A red team is a simulated cyber-attack that is very close to an actual attack. It is a cyber-security assessment that brings you very close to understanding how prepared your organization is to defend itself against a skilled and persistent hacker. Red teams help to test an organization’s defence system by identifying vulnerable areas and carrying out attacks in a controlled environment. 

The red teams face opposition from defenders called blue teams, and they both work together to provide a complete picture of an organization’s readiness for cyber-attacks. In the context of information security, the red teams pose as the bad guys. This methodology of red teaming helps organizations identify and remedy any weaknesses by using an outside group to test their systems, defence mechanisms, and operational strategies.

What Is Red Team Security?

Red team security testing is ethical hacking in the realm of information security. It is an independent security team that poses as an attacker to carry out vulnerability assessments and risks within a controlled environment. These tests are meant to expose vulnerabilities associated with security infrastructure such as networks, routers, switches, etc., as well as people and physical locations. 

During these red team tests, skilled security apparatus lounge a range of attacks aiming at the vulnerabilities within the organization. The most common techniques used include phishing, penetration tests, social engineering, and tools like packet sniffers and protocol analyzers. 

Before the cybersecurity experts from the red team launch the attacks, it begins by learning all it can about the target organization. They gather information by identifying the operating systems, network infrastructure, and vulnerable ports, among other factors. Once they get enough information, they develop a network map and a deeper idea of the attack paths and techniques likely to succeed. 

Red Team vs. Blue Team Exercises

When the red team is carrying out its attack operations, the blue team defends the security environment of the organization being attacked. The blue team comprises professionals protecting the organization’s infrastructure and assets. The blue team is pretty familiar with the organizational defences and security objectives. Therefore, they work to raise the level of protection and avert impending attacks. 

To begin their operations, the blue team gathers data and creates an in-depth risk assessment to outline the steps to be taken to strengthen overall security. This exercise may include technical solutions and more robust password policies. 

The blue team deploys monitoring tools that allow logging, checking, and scanning of information. If they find anything abnormal, they subject it to greater analysis. The blue team also launch countermeasures and conduct DNS audits, footprint analysis, and configuration checks. Both the red team and blue teams perform these exercises to ensure that all defences are robust. 

Common Red Team Tactics

Unlike traditional penetration tests, red teaming unearths risks posed to your organization by focusing only on one security aspect or narrow scope. Red team assessors use the following tactics:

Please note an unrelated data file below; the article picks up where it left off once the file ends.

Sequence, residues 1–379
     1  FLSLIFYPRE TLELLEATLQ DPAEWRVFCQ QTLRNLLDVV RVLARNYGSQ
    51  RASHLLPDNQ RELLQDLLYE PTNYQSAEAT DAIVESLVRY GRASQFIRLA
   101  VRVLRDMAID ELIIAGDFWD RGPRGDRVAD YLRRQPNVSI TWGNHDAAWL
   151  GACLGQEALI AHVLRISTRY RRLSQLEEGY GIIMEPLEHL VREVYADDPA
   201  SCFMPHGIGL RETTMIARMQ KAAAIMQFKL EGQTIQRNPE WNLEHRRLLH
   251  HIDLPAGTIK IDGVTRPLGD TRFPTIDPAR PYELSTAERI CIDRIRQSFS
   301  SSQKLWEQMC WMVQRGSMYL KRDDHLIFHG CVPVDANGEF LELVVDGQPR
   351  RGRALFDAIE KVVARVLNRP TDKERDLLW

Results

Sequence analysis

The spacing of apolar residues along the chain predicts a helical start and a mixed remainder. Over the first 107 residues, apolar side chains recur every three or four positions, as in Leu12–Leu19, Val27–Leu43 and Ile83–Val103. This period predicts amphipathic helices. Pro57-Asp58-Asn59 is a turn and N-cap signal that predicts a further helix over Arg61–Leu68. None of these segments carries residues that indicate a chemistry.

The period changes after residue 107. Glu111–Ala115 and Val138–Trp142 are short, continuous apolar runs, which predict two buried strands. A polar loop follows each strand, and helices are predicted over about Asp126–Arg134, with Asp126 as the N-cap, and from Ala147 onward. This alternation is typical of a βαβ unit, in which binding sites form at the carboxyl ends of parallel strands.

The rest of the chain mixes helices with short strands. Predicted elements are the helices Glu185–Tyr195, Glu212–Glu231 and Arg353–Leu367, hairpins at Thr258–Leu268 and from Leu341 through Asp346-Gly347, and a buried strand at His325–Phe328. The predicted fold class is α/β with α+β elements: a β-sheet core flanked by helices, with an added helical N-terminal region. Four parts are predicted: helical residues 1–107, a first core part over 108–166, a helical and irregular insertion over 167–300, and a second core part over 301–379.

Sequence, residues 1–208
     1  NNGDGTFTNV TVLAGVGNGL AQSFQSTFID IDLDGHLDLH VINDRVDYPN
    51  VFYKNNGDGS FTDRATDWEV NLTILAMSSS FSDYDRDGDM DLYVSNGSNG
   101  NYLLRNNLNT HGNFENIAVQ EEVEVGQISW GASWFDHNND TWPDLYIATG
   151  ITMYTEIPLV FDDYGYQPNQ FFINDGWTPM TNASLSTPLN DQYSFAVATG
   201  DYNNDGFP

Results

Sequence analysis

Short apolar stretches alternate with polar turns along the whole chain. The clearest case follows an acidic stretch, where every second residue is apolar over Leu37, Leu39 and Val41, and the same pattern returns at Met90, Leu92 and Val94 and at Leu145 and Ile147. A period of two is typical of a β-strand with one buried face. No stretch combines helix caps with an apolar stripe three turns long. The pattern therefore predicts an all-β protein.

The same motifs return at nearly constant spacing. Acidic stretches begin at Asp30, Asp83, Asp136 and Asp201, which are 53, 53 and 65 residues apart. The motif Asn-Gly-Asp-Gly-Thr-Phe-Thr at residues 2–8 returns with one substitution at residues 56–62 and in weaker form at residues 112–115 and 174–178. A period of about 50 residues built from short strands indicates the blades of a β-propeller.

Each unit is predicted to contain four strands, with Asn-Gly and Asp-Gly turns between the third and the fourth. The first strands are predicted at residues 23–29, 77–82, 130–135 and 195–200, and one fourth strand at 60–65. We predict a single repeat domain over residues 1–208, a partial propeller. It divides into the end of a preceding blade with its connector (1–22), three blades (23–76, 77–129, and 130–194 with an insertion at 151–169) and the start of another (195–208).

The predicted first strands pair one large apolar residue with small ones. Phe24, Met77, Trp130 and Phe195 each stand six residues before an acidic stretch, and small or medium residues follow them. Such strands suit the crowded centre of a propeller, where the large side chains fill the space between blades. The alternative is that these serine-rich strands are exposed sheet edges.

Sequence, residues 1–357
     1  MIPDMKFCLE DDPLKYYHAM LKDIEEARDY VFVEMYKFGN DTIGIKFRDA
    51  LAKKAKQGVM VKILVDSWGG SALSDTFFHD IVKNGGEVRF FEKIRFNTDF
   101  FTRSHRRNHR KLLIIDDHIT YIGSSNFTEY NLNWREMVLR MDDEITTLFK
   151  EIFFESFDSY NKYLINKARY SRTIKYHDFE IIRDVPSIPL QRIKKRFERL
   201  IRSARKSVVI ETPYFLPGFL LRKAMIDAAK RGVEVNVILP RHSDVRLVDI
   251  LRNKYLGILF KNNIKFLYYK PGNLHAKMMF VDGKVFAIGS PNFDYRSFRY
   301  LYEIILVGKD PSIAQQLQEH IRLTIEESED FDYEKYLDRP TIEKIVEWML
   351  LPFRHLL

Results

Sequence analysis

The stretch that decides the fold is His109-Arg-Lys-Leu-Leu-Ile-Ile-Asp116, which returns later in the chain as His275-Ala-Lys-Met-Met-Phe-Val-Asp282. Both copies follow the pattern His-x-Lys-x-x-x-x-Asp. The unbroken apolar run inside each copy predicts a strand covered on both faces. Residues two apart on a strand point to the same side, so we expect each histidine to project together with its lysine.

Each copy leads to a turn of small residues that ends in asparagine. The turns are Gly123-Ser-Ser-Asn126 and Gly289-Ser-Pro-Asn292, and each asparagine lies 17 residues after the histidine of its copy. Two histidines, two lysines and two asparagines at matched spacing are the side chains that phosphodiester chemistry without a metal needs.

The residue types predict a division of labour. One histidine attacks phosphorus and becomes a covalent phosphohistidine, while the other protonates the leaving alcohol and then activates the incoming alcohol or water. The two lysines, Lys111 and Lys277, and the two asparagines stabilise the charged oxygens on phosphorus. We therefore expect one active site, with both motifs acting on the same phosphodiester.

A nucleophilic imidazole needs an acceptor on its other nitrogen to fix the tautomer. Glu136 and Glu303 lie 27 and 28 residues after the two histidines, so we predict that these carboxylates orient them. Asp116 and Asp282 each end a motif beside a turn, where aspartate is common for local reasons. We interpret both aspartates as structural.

1. Email and Phone-Based Social Engineering

The team researches individuals or organizations to phish their emails. This is a rich target, and it is the first in a chain of attacks that will help them achieve their goal. 

2. Network Service Exploitation

The red team aims at exploiting unpatched or misconfigured network services to access previously inaccessible networks. In most cases, the attackers leave a persistent back door where they can access the networks or sensitive information in the future. 

3. Physical Exploitation of Security Systems

Most people try as much as they can to avoid confrontation. Thus, it is easy to access a secure physical location by following someone through the door. Someone, usually an employee or someone with legal access to a facility, can open the door for someone who did not scan their badge. 

4. Application Exploitation

Attackers often target web applications when exploiting an organization’s network perimeter. They exploit web application vulnerabilities such as SQL injection, cross-site scripting, etc. These applications can give an attacker a strong foothold from where to carry out further attacks.

Red Teaming Process

In order to understand the process of the red team, it’s critical to look at how the details unfold. Most of its simulations include the following stages:

1. Goal-mapping 

The first step is to plan and prepare carefully by setting goals for the red team. The organizations can create a schedule and rules of engagement. A goal may include extracting a piece of sensitive data from a company’s server.

2. Target Reconnaissance

After the red team has set its objectives clearly, it’s time to map out the target systems. This may include employee portals, networks, web applications, or physical locations. 

3. Exploit Vulnerabilities

This is where the red team’s attack begins. Once the read team has mapped out its attack vectors, it will employ tactics such as phishing, mystery guest, and network attacks to access the target systems. 

4. Probing and Escalation 

Once the red team gains access to your systems, it will now move along with your system to achieve its goals and objectives. They will also determine if they will exploit any more available vulnerabilities. The red team will continue to escalate until they reach the target.